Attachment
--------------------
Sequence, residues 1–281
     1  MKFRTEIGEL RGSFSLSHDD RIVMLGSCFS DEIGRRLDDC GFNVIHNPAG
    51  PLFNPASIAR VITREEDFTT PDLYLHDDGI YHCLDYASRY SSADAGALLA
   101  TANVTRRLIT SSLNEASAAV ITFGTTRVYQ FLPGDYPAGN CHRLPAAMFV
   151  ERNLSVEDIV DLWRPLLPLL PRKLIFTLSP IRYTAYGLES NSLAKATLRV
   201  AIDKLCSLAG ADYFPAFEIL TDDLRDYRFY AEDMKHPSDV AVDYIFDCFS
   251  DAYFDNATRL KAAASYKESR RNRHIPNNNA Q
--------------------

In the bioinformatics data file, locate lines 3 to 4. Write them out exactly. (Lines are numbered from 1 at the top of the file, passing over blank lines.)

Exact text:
    51  PLFNPASIAR VITREEDFTT PDLYLHDDGI YHCLDYASRY SSADAGALLA
   101  TANVTRRLIT SSLNEASAAV ITFGTTRVYQ FLPGDYPAGN CHRLPAAMFV